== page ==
“The aircraft carrier getting bigger.”
It seems that only one in twenty is interested in knowing their time of death. Why do so many choose to ignore this inevitable possibility? What would change if one knew their specific date? There exists a popular opinion that life is rational and death is its rational conclusion. In other words, we die once our mission is accomplished.
(Beginning of the sermon): I am inclined to ask if babies who die in car collisions were on a mission to prove the necessity and limitations of a baby safety seat. Or if the several hundred thousand victims in Hiroshima and Nagasaki were all given the task of confirming the effectiveness of the two bombs tested by the US military. In reality, the vast majority of people die slowly, their life, ending without history—a story without an ending, sometimes with a morphine plunger at hand (end of the sermon).
Death is Discrete and Devious
Death can be discrete and devious, announcing itself at the last moment as never again. It manifests itself in the form of a smoker’s probability; an Empress in the announcement of a timetable or deadline. Death lurks in the shadows, leaping before you in a flash of lucidity, like the barrel of a gun pointed at your head; or witnessing the engine on an airplane’s wing burst into flames or the sudden break of the mountaineer’s rope. Death can also be cynical, especially when it announces itself as a fait accompli, as in Hiroshima—one of the seven wonders of twentieth-century horror. Or the Jewish Ghettos of Warsaw (Polanski explored such horrors in his film, The Pianist, and Spielberg, in Schindler’s List). One can further add to humankind’s horrific events, the massacre of the Armenians, the massacre in Rwanda and Cambodia, and the Great Purge (Great Terror) by Joseph Stalin (1936-1938).
The Last Moment
The death I’ve long dreaded is drowning. The body sinks into the liquid thickness, the light becomes more and more diffuse, the air is missing. I imagine myself floating, have turned into a disgusting corpse. Even worse! Being shot by mistake by a bike gang, then left abandoned in a barn—imagining that my body isn’t discovered until years later—my corpse only identifiable through DNA. Or seeing myself lose control of a car, my eyes glued to the spinning scenery, watching the obstacle against which my life is about to end, swell up in front of me. In such cases, I’d rather not know the outcome.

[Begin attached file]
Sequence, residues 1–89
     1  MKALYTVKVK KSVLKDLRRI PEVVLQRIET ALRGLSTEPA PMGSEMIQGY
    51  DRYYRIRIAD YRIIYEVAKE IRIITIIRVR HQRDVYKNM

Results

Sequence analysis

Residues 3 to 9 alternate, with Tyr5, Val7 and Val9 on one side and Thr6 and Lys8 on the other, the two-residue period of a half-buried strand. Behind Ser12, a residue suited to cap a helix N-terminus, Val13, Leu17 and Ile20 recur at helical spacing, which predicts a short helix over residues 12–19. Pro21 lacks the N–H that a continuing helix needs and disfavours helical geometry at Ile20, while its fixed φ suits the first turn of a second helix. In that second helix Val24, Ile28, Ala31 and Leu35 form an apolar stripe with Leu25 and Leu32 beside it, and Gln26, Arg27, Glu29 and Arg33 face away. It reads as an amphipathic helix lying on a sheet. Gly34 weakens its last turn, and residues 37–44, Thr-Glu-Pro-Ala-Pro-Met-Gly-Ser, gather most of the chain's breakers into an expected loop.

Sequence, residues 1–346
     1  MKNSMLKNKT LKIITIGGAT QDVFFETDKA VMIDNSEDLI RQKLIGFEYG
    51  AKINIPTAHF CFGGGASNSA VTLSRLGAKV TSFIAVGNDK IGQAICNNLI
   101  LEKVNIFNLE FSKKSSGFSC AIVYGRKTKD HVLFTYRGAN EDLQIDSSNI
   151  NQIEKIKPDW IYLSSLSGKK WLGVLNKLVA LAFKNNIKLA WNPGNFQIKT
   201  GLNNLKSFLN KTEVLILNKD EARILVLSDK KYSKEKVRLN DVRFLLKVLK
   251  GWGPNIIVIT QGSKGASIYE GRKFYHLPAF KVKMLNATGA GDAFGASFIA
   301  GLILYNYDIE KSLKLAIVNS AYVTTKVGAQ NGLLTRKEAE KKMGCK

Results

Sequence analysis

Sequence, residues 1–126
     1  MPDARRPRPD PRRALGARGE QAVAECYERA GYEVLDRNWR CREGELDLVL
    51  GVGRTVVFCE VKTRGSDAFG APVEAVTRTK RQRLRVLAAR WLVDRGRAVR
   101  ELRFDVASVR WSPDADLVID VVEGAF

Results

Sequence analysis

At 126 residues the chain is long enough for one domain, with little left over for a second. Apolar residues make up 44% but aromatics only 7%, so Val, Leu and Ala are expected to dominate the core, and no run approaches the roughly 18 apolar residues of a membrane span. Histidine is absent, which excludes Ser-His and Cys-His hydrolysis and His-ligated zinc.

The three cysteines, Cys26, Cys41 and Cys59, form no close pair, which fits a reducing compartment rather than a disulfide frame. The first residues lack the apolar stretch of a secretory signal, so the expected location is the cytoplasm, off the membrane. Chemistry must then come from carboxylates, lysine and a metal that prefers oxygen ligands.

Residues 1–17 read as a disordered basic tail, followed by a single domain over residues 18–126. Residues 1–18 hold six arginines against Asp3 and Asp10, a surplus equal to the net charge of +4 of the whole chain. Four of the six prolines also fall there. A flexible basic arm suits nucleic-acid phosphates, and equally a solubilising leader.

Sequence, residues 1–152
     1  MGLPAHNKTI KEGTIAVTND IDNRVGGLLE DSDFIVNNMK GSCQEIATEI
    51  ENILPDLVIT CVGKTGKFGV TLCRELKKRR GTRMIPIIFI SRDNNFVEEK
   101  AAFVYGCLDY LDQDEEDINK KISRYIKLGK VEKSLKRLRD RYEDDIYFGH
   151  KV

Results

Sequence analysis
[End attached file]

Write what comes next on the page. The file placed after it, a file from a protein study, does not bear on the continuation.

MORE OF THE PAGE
Another incidence of death came back to me. One, I wish I could forget. It involved the testimony of a young girl. It had made the headlines. She had miraculously survived her rape on the Jacques Cartier Bridge after her captors had first thrown her little brother over—killing him. The girl repeated his last words at the trial: “You’re going to kill me, aren’t you?” Even innocence can recognize the specter of death. Would he have wanted to know about his death beforehand, or that he’d become the object of someone’s perverse erotic nightmares—an event incomprehensible to him?
On the other hand, the cancer patient who, with their finger on the morphine plunger, curses the hypocritical oath of their immaculate shaman, would surely like to clarify their last moment. But if death seals the fate of our lives, we survive many comparable endings—these little last times, every day.
The Last Time
In some cases, the end can be planned, such as the last day of school or work. But the elderly woman only recalls her last love, her last union or her last kiss; reliving her last times in the lukewarm of her memory. Nothing in the impulse, the effort, the lips offered at that time, hint or reveal the scent of the end. Would these last moments have been different if they had been lived as such? Perhaps, knowing how to live a situation for the last time would make us live it differently. There are also those last times we wish for: the last drink, the last line, the last game. Any addict at some point wishes it’s their last time.
The Indian writer and philosopher Jiddu Krishnamurti went further : if experiencing something for the last time changes the way of living and appreciating it, let us then reason this “to the limit”. I am going to die, so why not always live accordingly?Because the last fuck and the last day of high school do not have the same terminal character.
But by reasoning to the limit, we reveal the tendency or the principle at stake (having spurned the birth of differential calculus in mathematics). Krishnamurti doesn’t know better than anyone else what the last time will be, but he understands the lesson to be learned from it. You have to live like if it was the last time, as an everyday samurai, whose job it is to die to oneself.
Me, “The aircraft carrier’s getting bigger.”
Paul, “Yes, that’s what the kamikaze answers when the radio asks him how it’s going.”
Me, “For the last time, then.”
Paul, “Yes, but he chose it.”
A short exchange between Paul Saint-Amand and myself during a chess tournament. He had asked me what I was writing (this chronicle).